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Oprah's Goodbye Asking Seven Figures for 30-Second Spots

Syndicated finale fetching highest rates since "Everybody Loves Raymond" signed off
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The going rate for a 30-second spot in the May 25 episode of The Oprah Winfrey Show is a cool $1 million, and if the price holds, it will mark the fourth-highest unit cost for a series finale in TV history.

Media buyers say the end of Oprah’s 25-year run should prove to be an indelible television event, thereby justifying at least some of that hefty price tag. Naturally, clients are betting that the closer will prove to be a ratings blockbuster, although the price is not being tied to any sort of traditional ratings guarantee.

No one’s truly interested in forking over a $145 CPM, which is about how the math works out if you weigh the unit price against Oprah’s year-ago average delivery of 7 million viewers per episode. Odds are, however, that the finale will draw at least double that amount in live viewing; time-shifted deliveries could bump the total up to as many as 25 million viewers.

In that scenario, the CPM would be a much more buyer-friendly $40.

The all-time record was set by NBC on May 4, 2006, when advertisers plunked down $2 million to help send off Friends after a 236-episode run. According to Nielsen, 52.5 million viewers watched the gang file out of Central Perk for the last time.

Like Joe DiMaggio’s 56-game hitting streak, the Friends mark will probably never be broken. CBS has come closest, charging $1.22 million per unit in the Everybody Loves Raymond series capper (May 16, 2005).

Before Friends established the high-water mark for a series finale, the previous record holder was Seinfeld. NBC’s asking rate for time in the May 14, 1998, finale was $1.42 million.

One other show came very close to reaching the seven-figure mark. When ABC’s Lost signed off for the last time on May 23, 2010, advertisers invested $900,000 for each :30. Given a delivery of 13.6 million viewers, the CPM worked out to around $105, per Kantar Media analysis.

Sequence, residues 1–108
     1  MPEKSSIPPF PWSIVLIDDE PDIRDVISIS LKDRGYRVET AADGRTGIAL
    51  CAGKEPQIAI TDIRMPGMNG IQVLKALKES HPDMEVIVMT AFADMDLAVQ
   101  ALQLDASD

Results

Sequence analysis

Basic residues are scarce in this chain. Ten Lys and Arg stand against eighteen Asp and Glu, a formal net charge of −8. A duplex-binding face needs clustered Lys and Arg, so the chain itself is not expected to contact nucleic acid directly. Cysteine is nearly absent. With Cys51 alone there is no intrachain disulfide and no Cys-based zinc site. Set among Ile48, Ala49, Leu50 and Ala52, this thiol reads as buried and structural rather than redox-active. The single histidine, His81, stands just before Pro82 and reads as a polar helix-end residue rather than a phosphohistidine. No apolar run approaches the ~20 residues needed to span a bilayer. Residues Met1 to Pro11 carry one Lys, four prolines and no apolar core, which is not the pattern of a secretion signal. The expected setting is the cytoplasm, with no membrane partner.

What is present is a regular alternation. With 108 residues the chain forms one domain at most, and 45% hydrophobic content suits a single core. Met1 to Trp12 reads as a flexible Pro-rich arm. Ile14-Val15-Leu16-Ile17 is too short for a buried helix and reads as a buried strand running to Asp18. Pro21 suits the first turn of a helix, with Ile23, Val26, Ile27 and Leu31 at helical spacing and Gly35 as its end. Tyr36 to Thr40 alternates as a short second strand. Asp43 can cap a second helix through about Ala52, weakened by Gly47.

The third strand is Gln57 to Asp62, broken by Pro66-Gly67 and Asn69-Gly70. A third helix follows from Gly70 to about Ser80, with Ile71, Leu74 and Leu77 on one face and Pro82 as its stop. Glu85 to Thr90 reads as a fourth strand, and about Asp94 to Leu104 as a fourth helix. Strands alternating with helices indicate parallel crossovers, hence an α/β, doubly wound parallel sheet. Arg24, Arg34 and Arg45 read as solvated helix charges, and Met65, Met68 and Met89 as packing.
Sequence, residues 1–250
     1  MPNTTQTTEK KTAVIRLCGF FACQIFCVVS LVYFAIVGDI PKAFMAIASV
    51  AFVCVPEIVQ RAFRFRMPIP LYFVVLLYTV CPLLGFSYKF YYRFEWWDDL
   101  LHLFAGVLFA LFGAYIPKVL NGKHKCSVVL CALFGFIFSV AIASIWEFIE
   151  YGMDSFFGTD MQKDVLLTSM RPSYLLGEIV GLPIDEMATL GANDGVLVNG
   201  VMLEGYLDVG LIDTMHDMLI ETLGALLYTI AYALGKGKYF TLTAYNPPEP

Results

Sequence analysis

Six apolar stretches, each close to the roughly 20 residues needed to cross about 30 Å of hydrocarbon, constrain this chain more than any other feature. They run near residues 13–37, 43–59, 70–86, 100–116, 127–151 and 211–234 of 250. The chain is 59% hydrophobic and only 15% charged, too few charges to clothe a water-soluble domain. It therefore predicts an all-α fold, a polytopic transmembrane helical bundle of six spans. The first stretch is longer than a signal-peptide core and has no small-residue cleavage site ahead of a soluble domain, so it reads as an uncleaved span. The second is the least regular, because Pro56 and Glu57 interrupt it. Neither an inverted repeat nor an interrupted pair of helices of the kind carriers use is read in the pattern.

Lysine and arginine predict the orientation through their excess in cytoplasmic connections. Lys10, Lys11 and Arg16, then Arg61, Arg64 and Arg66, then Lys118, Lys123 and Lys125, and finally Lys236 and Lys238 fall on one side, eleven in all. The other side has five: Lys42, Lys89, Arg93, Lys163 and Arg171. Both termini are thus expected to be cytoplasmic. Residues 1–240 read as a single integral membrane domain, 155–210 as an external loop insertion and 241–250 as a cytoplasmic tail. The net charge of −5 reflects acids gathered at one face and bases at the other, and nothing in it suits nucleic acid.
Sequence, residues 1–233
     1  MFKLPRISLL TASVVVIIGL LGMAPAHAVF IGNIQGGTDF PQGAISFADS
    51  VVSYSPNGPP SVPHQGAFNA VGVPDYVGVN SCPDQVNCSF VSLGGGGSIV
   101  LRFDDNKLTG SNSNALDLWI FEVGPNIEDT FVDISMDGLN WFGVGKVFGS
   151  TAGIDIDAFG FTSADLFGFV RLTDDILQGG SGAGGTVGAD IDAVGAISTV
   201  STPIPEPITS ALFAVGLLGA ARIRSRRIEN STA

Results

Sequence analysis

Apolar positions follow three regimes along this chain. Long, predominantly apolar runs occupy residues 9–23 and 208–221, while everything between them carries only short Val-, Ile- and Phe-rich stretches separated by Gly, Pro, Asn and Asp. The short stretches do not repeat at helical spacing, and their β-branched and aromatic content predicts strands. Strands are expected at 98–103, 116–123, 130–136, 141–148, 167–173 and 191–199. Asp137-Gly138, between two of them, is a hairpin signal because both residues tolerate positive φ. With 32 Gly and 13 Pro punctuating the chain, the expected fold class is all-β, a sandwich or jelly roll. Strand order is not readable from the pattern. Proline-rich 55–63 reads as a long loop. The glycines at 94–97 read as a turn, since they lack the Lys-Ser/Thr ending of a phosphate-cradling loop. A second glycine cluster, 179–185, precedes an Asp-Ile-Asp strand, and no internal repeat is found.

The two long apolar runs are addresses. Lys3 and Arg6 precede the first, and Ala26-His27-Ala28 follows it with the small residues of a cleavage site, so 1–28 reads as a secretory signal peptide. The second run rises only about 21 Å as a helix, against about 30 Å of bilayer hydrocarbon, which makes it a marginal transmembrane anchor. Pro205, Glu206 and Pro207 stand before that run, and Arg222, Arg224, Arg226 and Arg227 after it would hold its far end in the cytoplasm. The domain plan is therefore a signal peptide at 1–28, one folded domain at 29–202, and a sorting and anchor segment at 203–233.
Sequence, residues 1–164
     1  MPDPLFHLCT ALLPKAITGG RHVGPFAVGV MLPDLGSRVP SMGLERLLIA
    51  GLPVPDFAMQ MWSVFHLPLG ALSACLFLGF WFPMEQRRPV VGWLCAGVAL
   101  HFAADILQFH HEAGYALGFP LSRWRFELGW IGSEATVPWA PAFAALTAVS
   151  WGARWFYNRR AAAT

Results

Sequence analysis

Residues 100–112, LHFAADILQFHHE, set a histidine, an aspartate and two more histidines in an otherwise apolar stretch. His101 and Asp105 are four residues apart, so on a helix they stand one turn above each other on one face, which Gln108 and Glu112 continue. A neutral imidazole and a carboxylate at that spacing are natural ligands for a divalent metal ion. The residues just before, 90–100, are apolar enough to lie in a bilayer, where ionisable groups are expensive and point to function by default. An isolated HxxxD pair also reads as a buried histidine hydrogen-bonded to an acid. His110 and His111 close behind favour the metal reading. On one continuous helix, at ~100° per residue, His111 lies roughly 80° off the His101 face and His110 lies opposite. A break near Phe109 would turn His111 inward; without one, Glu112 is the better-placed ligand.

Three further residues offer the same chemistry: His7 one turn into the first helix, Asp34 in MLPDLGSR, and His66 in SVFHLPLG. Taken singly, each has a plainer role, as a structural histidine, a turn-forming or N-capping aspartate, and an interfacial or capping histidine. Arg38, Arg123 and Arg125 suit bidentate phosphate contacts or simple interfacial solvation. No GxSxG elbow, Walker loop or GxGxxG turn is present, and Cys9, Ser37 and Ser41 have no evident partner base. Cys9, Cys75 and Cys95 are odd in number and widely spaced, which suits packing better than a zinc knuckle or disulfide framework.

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Like most established TV franchises, Oprah is down significantly from its heyday. But the show still stands well above anything else in talk, notching a 4.9 household rating and reaching as high as a 3.1 among women 25-54 (through March 20).

Oprah drew her biggest ratings in six years this January, when she was reunited with the half-sister she never knew existed. The episode delivered a 9.8 HH rating and 11.4 million viewers.

As Oprah turns her attention to her fledgling cable property, OWN: The Oprah Winfrey Network, the syndication market is likely to take a hit. In a new report, ZenithOptimedia said it anticipates an 8 percent decline in syndicated advertising in 2012, thanks in part to the Queen of Talk’s exit.

"Oprah's departure will further diminish the supply of top-tier, high-rated syndicated offerings,” the report noted. "No other syndicated talk show...has the same kind of impact."

A year after Oprah makes the jump to cable, syndication spending could fall to $2.4 billion.

Meanwhile, there is some good news on the OWN front, as the channel’s first-quarter ratings have shown stark improvement. In prime time, OWN grew its deliveries 21 percent to 309,000 total viewers, one-third of which were adults 25-54.

On a sequential basis, OWN saw its deliveries of women 25-54 soar 28 percent, with an average nightly draw of 101,000 versus 79,000 in the fourth quarter of 2010.